There are also government whistleblowers. These can be private-sector employees who have knowledge of misdeeds in the government and report them. They may also be from a private company who has internal knowledge of wrongdoing in the government and reports those activities.

However, individuals who work in the government have special protections under the Whistleblower Protection Act, so if you are reporting government misdeeds, your attorney will be working under more stringent laws to present your case.

What Can You Expect in a Whistleblower Case?

Each case is different, and yours will depend on which category it falls under, but there are some common components of almost all of these types of cases.

In the majority of whistleblower cases, there is a specific statutory or common law that determines who is covered – in other words, who the plaintiff can be. Usually this is an employee, but there are other individuals that can be covered.

The defendant also must fall under these statutory or common laws and is usually an employer but can be another person that is covered.

The plaintiff must have engaged in a protected whistleblower activity and the defendant must have known that the plaintiff engaged in this activity. After this knowledge, the defendant retaliated against the employee due at least in part to the protected activity.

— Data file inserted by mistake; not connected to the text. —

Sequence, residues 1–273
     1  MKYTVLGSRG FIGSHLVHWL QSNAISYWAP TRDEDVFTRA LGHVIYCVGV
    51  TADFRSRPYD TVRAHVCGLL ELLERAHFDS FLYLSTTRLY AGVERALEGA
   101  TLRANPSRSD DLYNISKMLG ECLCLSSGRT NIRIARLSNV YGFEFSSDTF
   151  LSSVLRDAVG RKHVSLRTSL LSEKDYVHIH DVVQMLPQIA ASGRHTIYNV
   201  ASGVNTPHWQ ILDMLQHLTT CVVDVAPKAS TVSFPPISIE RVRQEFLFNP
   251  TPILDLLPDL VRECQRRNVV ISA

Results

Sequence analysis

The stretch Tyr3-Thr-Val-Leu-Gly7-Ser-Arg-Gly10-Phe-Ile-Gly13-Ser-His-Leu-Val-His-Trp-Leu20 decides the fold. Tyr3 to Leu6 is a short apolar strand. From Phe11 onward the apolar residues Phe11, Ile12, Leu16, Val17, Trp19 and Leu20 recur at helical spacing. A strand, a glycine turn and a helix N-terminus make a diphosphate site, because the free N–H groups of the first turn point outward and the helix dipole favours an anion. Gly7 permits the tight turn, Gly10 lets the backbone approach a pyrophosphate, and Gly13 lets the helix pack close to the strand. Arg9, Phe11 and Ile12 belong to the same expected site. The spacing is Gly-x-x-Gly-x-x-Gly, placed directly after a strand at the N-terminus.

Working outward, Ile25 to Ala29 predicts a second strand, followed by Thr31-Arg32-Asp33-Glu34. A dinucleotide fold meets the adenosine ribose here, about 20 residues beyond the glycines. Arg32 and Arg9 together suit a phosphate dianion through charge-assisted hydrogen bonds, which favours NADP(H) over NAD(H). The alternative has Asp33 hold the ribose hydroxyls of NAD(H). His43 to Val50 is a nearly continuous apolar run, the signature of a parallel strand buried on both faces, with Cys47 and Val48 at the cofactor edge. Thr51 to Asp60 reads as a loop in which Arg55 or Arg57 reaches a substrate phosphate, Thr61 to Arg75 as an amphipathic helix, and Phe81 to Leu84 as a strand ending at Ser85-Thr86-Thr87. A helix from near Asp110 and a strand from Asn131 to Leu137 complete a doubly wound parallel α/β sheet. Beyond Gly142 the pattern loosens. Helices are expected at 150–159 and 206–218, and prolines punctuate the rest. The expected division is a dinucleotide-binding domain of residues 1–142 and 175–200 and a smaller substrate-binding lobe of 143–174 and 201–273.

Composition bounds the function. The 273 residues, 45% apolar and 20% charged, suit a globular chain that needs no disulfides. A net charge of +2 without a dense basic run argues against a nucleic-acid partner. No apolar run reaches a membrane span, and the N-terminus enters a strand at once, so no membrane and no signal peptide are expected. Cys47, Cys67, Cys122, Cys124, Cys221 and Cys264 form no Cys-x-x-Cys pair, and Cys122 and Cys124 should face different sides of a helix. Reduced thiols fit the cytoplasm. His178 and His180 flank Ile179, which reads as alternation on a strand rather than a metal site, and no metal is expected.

The next step in the case is usually that the plaintiff was discriminated against in the form of compensation, privileges, or other employment terms, or somehow suffered a wrong that was covered under state or federal law.

Evidence must be able to show that the plaintiff would not have been subject to that discrimination had they not acted as a whistleblower against the defendant.

Discriminatory actions generally fall into one or more categories. These can include, but are not limited to, the following circumstances that are used to show retaliation and discrimination:

  • high-performance ratings prior to the whistleblowing activity, followed by lower ratings or reported problems after,
  • termination not following designated procedures,
  • disparaging treatment of the employee after their protected act,
  • accusations that the employee was disloyal for making the report,
  • threats or attempts to intimidate the employee or other employees to keep them from making further allegations, and